In May Threshold published a four-part series on the community oven built by students and faculty from the College of Design and staff and supporters from Casa De Esperanza. The community oven is a brilliantly simplistic integration of real world construction experience and community service. Students build something with their hands and the community is nourished.
I could not help but think of the community oven while on my recent visit to Walt Disney Concert Hall in Los Angeles. The problems of reflected light and heat that the concert hall imparts on its neighbors and surrounding environment has been well documented. The undulating forms are clad in stainless steel and create enormous parabolic mirrors that bounce glare and heat onto neighboring buildings as well as the public space that surrounds the concert hall.
I am not advocating bouncing heat and glare around downtown Los Angeles, but concentrating it for public purpose could help lessen the perception that the building is by and for the elite.
This is not a perception I am creating for dramatic flair, nor am I bashing the concert hall. I interviewed a passerby during my visit. He lives in Orange County only 40 miles away, and he has never attended a performance at the concert hall. It wasn’t that he did not like classical music or theatre. He simply felt the venue was too foreboding from a financial standpoint. However, tickets for the currently running Spamalot show start at $40. Though it is true not everyone has $40 to spend on an event like this, the price seems reasonable.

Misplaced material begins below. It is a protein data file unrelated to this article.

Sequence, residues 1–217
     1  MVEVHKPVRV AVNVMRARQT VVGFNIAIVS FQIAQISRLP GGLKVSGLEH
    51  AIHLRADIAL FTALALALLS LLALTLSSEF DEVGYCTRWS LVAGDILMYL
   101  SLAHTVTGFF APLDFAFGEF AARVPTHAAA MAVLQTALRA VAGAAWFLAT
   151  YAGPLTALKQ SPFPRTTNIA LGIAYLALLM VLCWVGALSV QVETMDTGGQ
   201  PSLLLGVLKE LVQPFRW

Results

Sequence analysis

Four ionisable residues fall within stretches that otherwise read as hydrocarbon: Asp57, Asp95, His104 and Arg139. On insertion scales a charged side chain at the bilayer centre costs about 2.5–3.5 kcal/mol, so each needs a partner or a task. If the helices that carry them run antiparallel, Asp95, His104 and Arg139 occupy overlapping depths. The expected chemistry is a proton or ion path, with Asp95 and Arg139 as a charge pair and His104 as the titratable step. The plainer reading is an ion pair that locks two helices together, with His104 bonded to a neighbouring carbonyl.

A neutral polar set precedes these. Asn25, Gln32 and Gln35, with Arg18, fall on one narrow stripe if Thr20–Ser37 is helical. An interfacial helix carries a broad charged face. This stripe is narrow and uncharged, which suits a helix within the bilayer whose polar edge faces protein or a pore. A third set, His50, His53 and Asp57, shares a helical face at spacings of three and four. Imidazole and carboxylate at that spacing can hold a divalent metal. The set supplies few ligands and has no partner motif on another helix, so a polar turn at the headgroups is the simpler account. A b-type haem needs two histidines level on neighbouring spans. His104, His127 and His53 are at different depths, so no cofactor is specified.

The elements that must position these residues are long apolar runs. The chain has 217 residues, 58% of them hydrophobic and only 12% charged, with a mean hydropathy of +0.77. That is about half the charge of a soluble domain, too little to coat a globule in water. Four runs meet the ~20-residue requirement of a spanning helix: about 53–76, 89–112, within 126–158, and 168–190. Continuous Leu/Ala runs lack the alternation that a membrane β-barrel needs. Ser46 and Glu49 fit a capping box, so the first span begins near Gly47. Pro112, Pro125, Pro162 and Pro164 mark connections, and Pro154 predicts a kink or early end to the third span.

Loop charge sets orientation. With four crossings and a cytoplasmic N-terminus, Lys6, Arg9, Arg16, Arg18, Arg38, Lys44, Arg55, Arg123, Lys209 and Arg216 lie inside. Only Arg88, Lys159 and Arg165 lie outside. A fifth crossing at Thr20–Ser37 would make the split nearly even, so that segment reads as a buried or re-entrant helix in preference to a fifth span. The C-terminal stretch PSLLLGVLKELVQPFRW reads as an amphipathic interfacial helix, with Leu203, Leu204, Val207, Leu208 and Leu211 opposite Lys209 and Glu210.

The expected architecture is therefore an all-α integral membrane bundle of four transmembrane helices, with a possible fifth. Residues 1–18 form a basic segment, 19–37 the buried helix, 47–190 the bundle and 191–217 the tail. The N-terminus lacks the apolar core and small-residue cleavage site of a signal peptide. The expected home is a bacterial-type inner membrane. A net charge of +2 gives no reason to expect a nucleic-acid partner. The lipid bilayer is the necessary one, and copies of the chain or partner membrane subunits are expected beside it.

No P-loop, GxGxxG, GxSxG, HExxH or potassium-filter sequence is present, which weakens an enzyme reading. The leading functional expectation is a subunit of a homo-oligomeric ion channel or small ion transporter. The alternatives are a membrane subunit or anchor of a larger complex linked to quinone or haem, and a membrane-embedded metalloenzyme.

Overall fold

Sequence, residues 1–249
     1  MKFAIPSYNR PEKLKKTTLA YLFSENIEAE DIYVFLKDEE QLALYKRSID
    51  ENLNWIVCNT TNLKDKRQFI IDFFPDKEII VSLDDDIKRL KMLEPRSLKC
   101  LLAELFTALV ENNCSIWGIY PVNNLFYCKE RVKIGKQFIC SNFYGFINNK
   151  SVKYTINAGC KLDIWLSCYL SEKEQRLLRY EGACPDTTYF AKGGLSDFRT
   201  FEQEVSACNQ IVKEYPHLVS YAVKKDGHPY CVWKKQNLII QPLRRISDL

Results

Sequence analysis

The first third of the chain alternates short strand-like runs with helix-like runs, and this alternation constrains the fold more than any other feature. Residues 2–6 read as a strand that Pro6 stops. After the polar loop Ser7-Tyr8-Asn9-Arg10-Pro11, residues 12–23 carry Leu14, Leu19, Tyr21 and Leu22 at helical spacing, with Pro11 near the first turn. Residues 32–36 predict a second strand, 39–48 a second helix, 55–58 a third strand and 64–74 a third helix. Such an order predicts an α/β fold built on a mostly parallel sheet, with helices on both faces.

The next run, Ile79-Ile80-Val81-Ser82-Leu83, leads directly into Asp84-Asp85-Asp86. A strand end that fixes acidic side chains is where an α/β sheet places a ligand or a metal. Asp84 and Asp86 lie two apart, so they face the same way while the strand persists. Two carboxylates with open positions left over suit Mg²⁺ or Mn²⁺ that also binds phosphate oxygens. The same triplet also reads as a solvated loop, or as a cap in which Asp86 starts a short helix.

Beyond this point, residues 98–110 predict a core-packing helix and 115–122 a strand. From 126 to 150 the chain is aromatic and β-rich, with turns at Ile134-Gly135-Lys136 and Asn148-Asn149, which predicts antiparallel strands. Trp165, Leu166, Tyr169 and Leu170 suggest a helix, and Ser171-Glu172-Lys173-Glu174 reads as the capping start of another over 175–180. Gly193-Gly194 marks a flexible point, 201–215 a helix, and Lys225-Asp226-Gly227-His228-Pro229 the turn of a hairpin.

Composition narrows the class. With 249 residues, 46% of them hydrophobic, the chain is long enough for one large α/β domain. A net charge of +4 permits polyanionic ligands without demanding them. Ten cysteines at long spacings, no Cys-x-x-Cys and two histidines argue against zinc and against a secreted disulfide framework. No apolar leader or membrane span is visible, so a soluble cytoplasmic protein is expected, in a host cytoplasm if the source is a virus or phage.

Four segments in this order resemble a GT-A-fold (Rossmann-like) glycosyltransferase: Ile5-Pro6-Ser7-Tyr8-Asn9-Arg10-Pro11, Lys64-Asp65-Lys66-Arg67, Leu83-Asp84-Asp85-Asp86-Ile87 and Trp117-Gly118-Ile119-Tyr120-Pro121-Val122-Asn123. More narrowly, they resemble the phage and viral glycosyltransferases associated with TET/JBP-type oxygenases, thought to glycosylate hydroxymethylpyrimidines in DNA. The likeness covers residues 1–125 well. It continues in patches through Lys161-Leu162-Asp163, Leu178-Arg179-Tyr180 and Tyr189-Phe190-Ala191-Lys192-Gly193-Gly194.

Imagine how the passerby’s perception might change if he walked by the building one day and they were cooking food for the less fortunate with heat given by the sun and concentrated by the forms of concert hall. Image the poetry of a piece of architecture feeding people both the nourishment of food and culture.